Sea anemones, though a mere bundle of jelly, are formidable predators. They are armored with 1000’s of stinging cells known as nematocyst that capture their prey. The aggregating anemone pictured here can produce sexually through the dispersal of egg and sperm or asexually by cloning. Essentially, they pull themselves apart creating a genetic clone over and over again until they blanket their rocky condo. Specialized warrior polyps on the edges of the colony inflate with powerful nematocyst cells that will attack neighboring colonies. In some cases a neutral zone between colonies will be established where each colony is spared the lethal reach of the other.

 

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Fantastic discovery today while kayaking in the Elkhorn Slough. We found an  enormous  California brown sea hare, Aplysia californica, a type of marine  slug in the phylum mollusca. Enjoying a hermaphroditic life style, this fascinating guy or girl as the case may be emitted a mildly toxic purple dye as I scooped it up and placed  it on  my spray skirt.OLYMPUS DIGITAL CAMERA

 

 

Using their raspy tongue or file like structure known as a radula, sea hares scrap into their algae diet which later  aids in the pigmentation of their ink. Why do sea hares as well as their relatives, octopus and squid emit a dye? Perhaps the cloud of purple confuses or startles a predator or serves as a screen or decoy. Possessing some of the largest nerve cells in the animal kingdom, sea hares have been used in studies on memory and learning.

OLYMPUS DIGITAL CAMERAMy group of kayakers though a bit startled, politely watched as I rolled myself face first into the sand while still cradling the sea hare in my arms. Covered with purple dye from head to toe, I do think they realized what a special find we had!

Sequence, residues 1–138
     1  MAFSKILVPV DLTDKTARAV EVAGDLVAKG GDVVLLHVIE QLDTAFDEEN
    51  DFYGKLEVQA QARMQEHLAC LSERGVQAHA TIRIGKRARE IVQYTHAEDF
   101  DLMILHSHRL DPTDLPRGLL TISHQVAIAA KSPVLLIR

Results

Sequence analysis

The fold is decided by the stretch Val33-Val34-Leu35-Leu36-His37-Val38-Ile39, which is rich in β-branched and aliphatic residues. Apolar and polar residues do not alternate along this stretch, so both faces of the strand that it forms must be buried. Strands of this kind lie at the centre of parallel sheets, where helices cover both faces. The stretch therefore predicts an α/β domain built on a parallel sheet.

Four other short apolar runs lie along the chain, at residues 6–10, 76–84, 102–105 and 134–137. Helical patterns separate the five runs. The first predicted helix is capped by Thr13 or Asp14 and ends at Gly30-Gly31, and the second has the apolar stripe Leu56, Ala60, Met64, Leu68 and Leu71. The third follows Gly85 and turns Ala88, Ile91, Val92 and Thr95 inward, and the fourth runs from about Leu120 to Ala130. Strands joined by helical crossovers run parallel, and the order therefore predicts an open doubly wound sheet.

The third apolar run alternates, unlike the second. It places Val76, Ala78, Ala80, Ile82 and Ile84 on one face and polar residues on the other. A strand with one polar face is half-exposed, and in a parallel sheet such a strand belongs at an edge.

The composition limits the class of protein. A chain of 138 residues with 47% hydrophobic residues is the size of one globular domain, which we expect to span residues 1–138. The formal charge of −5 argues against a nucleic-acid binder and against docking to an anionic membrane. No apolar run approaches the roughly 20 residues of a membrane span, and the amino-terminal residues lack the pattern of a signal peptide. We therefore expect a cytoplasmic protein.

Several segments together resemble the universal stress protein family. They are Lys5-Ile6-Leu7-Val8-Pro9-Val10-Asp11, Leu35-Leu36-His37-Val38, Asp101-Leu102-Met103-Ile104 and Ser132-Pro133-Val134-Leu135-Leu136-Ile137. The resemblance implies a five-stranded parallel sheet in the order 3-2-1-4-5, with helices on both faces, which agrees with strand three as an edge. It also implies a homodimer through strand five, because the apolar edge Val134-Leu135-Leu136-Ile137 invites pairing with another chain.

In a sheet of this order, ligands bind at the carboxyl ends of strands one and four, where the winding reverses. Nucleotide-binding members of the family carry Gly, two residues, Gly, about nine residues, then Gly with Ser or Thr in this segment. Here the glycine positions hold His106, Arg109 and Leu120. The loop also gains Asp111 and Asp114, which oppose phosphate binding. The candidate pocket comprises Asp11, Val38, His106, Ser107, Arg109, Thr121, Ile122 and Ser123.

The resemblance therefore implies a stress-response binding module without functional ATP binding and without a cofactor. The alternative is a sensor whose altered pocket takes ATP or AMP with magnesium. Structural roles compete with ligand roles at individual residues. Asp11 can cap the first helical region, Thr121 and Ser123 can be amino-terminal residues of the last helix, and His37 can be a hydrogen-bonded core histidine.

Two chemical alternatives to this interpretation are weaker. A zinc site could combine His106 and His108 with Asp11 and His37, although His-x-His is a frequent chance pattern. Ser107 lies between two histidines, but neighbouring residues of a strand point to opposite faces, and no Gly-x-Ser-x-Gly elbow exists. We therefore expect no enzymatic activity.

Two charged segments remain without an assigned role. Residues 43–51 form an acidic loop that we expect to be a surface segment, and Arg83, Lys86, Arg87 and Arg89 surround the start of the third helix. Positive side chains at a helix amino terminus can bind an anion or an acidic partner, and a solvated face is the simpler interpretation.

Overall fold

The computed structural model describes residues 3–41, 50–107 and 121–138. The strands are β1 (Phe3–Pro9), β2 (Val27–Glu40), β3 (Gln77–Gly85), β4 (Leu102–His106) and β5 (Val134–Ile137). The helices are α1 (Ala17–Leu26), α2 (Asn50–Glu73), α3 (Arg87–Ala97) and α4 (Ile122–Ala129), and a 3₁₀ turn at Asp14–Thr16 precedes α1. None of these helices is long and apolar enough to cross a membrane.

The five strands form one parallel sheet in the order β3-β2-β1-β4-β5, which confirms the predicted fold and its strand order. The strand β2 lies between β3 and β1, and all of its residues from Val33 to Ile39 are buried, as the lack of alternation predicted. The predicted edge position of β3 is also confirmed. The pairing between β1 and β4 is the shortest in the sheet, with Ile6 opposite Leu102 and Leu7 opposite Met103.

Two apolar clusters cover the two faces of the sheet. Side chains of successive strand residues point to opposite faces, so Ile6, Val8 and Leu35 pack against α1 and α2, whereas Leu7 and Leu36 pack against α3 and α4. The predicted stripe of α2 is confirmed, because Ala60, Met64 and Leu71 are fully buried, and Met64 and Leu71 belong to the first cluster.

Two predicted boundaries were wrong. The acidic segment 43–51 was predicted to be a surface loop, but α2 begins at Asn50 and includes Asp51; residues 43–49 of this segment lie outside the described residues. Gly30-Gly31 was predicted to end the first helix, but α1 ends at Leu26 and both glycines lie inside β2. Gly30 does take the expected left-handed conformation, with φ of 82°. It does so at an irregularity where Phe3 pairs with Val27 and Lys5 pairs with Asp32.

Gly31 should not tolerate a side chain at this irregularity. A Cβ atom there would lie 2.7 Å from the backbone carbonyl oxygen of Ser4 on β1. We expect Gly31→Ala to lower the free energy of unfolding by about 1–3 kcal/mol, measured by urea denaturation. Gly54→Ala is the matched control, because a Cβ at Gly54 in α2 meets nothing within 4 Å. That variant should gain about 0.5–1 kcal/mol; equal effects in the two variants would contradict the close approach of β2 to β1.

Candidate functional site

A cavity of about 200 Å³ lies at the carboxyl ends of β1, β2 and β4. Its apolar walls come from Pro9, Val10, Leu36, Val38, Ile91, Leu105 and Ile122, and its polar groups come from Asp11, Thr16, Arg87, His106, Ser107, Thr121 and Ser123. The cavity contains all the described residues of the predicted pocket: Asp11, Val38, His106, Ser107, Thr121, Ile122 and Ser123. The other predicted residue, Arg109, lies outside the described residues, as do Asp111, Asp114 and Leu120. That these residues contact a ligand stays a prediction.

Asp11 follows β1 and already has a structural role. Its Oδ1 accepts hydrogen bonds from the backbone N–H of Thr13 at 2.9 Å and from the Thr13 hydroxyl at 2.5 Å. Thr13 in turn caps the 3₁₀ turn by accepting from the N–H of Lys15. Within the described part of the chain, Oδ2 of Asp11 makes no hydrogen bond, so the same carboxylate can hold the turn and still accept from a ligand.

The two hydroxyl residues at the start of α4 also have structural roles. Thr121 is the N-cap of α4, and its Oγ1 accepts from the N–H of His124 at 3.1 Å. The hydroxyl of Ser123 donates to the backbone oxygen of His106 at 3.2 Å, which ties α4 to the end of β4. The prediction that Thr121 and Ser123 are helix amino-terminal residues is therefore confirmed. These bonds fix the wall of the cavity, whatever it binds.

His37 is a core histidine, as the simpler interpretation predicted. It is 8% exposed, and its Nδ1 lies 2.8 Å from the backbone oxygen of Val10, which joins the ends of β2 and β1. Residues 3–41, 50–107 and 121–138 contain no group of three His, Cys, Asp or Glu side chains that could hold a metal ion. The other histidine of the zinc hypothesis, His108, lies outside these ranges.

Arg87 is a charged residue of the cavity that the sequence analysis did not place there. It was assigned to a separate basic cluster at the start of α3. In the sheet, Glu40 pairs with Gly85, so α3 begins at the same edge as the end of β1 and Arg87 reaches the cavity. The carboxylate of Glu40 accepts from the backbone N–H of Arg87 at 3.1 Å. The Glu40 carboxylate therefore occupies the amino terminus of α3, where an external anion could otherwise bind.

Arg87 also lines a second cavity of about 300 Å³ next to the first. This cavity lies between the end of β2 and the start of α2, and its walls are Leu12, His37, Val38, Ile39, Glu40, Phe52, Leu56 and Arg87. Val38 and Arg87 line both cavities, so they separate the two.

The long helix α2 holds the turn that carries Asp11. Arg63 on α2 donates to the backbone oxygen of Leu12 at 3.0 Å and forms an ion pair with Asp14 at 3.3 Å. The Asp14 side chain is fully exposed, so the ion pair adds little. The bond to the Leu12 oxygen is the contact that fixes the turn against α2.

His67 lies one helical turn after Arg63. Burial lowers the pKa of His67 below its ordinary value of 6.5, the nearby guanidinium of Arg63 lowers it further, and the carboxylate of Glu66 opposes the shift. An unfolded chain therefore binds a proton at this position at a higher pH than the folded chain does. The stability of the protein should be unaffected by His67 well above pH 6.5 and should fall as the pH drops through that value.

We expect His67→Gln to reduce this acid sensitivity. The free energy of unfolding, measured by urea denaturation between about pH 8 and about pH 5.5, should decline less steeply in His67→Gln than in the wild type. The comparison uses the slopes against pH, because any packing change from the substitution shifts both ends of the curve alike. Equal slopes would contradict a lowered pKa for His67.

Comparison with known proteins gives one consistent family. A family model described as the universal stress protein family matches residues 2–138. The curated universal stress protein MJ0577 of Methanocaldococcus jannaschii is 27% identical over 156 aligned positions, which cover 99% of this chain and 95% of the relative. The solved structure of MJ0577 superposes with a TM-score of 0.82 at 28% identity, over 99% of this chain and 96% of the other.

Join the naturalist of Blue Water Ventures as we explore Central California, Baja, Belize, Tonga and beyond!

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Have you ever wandered a beach and found seashells with a small holed drilled into it? There are several marine snails that use their radula, a file like tongue to bore into their prey. Among them is the moon snail. The tiny single holes in the bivalves pictured here were made by a predatory snail, perhaps a moon snail or oyster drill. The photo reveals a shell on the right which is riddled with multiple tiny holes. This is from the dissolving activity of a boring sponge in the genus, Cilonia. These sponges use a dissolving chemical to bore into calcium rich species such as snails and corals. Rather than seeking prey, boring sponges are in pursuit of a habitat taking up residence in a calcareous animal….life on a gulf coast beach.

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Next time you are kayaking in Elkhorn Slough take a look around the launch area. There is a vast diversity of life clinging to the docks and hiding in the mudflats. The bright orange species is a colonial tunicate. In their larval stage tunicates sport around with a primitive spinal cord which places them into phylum chordata, the same category that humans and all animals with backbones belong to. Our naturalist at www.bluewaterventures.org  love to share their knowledge of what lives above and below. Be sure to fire those questions our way on your next kayaking tour with us.